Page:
Tuesday, September 13, 2011

The Fabulous Forties: Paulette Goddard


In the opening credits of The Women (1939), the stars of the all-female cast are introduced with various members of the animal kingdom representing their respective characters. As the sly golddigger, Miriam Aarons, Paulette Goddard is symbolized by a fox. It couldn't have been a more apropos parallel, both for the character and the actress.


Paulette Goddard was smart, sexy, clever, crafty -- and foxy. She was also a major contract star at Paramount for nearly all of the 1940's, although even at the height of her movie fame, Goddard was perhaps better known (as she is now) for her off-screen exploits, romances and scandals. When, more than 40 years after her greatest stardom, Paulette Goddard left a multi-million dollar estate, including priceless art, fabulous jewels and magnificent properties, it was the culmination of years of not only hard work, but also canny opportunism and a healthy dose of feminine wiles.


Born Marion Pauline Levy on June 10, 1910, the future Paulette Goddard was extraordinarily beautiful from the start, working as a child model, and becoming a Ziegfeld Girl at the tender age of 13. By 16, she had married a wealthy New York businessman, shedding him a few years later for a substantial cash settlement, which Goddard used to subsidize her move to Hollywood with her mother.

Paulette Goddard in the Ziegfeld Follies production of Rio Rita (1927)

Along with other future luminaries Lucille Ball, Betty Grable and Ann Sothern, the newly minted starlet became a "Goldwyn Girl," appearing in such Sam Goldwyn productions as Roman Scandals (1933) and Kid Millions (1934). It was during this period that Goddard met Charlie Chaplin, and the two began a romance which would both help and hinder Goddard's ambitions for stardom.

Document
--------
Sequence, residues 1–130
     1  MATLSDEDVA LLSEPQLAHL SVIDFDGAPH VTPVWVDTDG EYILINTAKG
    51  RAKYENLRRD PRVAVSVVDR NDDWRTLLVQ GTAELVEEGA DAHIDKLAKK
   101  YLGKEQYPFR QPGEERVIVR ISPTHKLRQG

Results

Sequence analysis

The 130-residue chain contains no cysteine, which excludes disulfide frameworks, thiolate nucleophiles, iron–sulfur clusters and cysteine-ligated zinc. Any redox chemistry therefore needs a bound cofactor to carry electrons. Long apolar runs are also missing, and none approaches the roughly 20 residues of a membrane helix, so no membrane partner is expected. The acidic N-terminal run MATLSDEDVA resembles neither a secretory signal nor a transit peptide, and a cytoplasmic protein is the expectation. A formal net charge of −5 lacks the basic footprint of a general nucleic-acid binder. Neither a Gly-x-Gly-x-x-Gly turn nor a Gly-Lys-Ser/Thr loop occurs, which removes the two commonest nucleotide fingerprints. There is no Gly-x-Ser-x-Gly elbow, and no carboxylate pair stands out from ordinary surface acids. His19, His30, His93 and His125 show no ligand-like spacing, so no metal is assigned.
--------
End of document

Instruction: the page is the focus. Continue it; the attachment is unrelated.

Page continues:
Paulette Goddard as a Goldwyn Girl, circa 1933

Claiming to have been married in China, Chaplin and Goddard brazenly lived together in his Beverly Hills mansion, shocking the public and raising the eyebrows of even decadent Hollywoodites. By refusing to comment on the matter publicly, the couple stoked the fires of speculation -- all good for publicity and name value, in Goddard's case, but not beneficial for her reputation in the long run.

Husband and wife? Paulette Goddard and Charlie Chaplin, 1938

After her acclaimed appearance in Chaplin's Modern Times (1936), Goddard's career stalled -- Chaplin planned future projects for his was-she-or-wasn't-she-wife, but these never came to fruition. Frustrated, Goddard signed a contract with producer David O. Selznick, appearing first in The Young in Heart (1938), third-billed above the title with Janet Gaynor and Douglas Fairbanks, Jr.

Douglas Fairbanks, Jr. and Paulette Goddard in The Young in Heart (1938, United Artists)

Selznick then loaned Goddard out to MGM for their all-star production of Clare Boothe Luce's cat-fest, The Women (1939). In her flashy role as a street-smart showgirl who marries into high society, Goddard was in her element, and more than held her own against the likes of Norma Shearer, Joan Crawford and Rosalind Russell, having a memorable on-screen brawl with the latter.

Louis B. Mayer, Paulette Goddard and George Cukor at the premiere of The Women (1939, MGM)

It was a reunion of sorts for Goddard and director George Cukor; she had been David O. Selznick's front-runner choice for the hotly coveted role of Scarlett O'Hara in his production of Gone with the Wind. Cukor was the initial director on the project, and it was he who guided Goddard through her series of screen tests, including the only Technicolor screen test given to any of the multitude of potential Scarletts; many considered her a shoe-in. What may have ultimately cost Goddard the part, however, was the stigma of scandal which still clung to her unorthodox relationship with Chaplin; Selznick, in spite of his friendship with the couple, delayed in officially offering Goddard the role of Scarlett because of his concerns about the public's response to her private life. In the interim, the relatively unknown British actress Vivien Leigh arrived in Hollywood, determined to throw her hat into the ring. The die was cast. Selznick had found his perfect Scarlett, and it wasn't Paulette Goddard.